Is laser printer toner dangerous?
May 5, 2006 4:03 PM   Subscribe

Is it unhealthy to ingest/breath laser printer toner? Just wondering how much could affect someone's health.

I deal with laser printers at my job, and I regularly have toner on my hands and such. So I was curious about how dangerous, if at all, toner is. I try to be pretty careful (always wash my hands well, don't like my fingers, etc.), but sometimes it's hard to avoid a cloud of toner in my face. Should I be worried?
posted by svdodge to Computers & Internet (7 answers total)
Well, it's not good to inhale, but an occasional puff shouldn't be too bad. It might behoove you to wear some sort of respirator or face mask if these clouds happen a lot. As far as the hands, it's really no worse than drawing on your skin with a pen. The main thing is to use cold water on your hands. That way, the toner won't fuse to your skin.
posted by fvox13 at 4:07 PM on May 5, 2006

Photocopier/Laser Printer Toners -Irritant, Flammable

Although dry and liquid toners for photocopy machines and laser printers contain chemicals such as carbon black and resins that have the potential to harm at high concentration, they are normally contained and do not represent a significant hazard. Prolonged exposure to toner powder or vapors may cause eye and/or respiratory irritation and should be avoided. Having disposable gloves available may be a good precaution when handling the toner cartridges. Also, it is important to remember to turn off the power supply or unplug the machine when anyone is servicing the equipment.

Many photocopy machines and laser printers produce small quantities of ozone as a by-product of the copying process. This toxic gas, which has a pungent sweet odor, can irritate the eyes, nose and/or throat. Check with the manufacturer to see if your photocopier or laser printer is equipped with an ozone filter.

The best protection when using copy machine or laser printer products involves good ventilation, avoiding skin and eye contact, and using the products according to the manufacturer's recommendations as written on the label or in the MSDS.
(from google's "view as HTML" version of this word doc online)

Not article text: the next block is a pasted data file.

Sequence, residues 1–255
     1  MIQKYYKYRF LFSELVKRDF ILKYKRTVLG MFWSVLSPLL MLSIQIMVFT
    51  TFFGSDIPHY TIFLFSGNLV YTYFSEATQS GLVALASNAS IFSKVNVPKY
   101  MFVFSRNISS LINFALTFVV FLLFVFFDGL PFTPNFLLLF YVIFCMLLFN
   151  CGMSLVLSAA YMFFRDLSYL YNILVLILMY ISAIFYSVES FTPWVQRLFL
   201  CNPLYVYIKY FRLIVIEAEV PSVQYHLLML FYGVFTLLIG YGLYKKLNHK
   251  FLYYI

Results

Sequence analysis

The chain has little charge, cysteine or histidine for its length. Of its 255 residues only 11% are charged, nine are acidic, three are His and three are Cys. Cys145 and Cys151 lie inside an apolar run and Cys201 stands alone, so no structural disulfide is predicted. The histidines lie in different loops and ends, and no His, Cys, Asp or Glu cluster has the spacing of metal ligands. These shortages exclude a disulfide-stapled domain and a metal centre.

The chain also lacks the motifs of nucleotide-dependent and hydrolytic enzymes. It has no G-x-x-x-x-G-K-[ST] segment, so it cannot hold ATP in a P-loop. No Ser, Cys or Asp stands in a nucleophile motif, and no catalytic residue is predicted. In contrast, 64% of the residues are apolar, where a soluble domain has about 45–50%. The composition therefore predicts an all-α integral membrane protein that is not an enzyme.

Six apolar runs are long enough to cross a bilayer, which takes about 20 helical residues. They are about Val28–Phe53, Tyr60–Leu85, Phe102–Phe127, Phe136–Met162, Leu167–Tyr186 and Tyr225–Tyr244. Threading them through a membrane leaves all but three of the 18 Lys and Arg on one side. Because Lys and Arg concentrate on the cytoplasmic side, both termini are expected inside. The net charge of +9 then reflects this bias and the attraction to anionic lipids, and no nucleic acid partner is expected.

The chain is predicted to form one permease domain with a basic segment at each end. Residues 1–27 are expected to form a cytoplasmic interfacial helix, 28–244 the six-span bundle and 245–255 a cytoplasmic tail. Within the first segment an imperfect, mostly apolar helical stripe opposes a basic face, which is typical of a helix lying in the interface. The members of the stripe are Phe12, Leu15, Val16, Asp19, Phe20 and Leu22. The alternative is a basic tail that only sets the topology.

posted by misterbrandt at 4:38 PM on May 5, 2006

The MSDS for HP's black toner makes it look like I wouldn't be too worried about it.
posted by grouse at 5:05 PM on May 5, 2006

While working within the printer division at Adobe, this was a real concern that was addressed. The answer concurs with what was above. In the development wing, there were dozens of laser printers spewing out pages constantly. While the ventillation system was spec'ed to exchange a huge amount of air, you wouldn't believe how often workstation monitors required cleaning. I think the worst issue, honestly, was a preponderance of boogers.
posted by plinth at 6:41 PM on May 5, 2006

Conceivably you could get black lung if you inhaled sufficient amounts of black toner over time but that's unlikely even in a test lab like plinth mentioned. There will be other additives, like resins and magnetic compounds (depends on the system, not all use magnetism) so your precautions are probably sufficient. Colored toners will have slightly different chemical compositions, so check the manufacturer's docs for their recommendations.

Your best bet is to use cold water when washing (including clothes) since toner is intended to melt (that's how it adheres to the paper) and may bind to skin and fabrics if you use hot water.

Perhaps the biggest danger with toner is a "tribo explosion" as a result of static electricity. But you usually need a fairly large and concentrated toner cloud, so this is more a toner plant problem than one you'll encounter in a office setting.

I would be more concerned about the ozone, as it causes headaches in most people, even with minor exposure. Ventilation is the key, of course. Even printers with ozone filters will have some, though at reduced levels.

I work at a big printer company and I've been on a couple of product development teams, so I've had first hand experience with toner and ozone.
posted by tommasz at 7:10 PM on May 5, 2006

We have these neat wipes at work called Rhinotek wipes, which come with some of the toner we purchase now and then. I can't find them anywhere individually, but this looks similar to it.
posted by vkxmai at 8:23 PM on May 5, 2006

In addition to being good, a printer must affect the indoor climate and external environment as little as possible.
A printer certified in accordance with TCO Development's standard TCO'99 Printers fulfils a number of criteria, which guarantee that it does precisely that.
This standard covers requirements within the areas of ergonomics, emissions, energy, and ecology.
posted by Lanark at 10:24 AM on May 6, 2006

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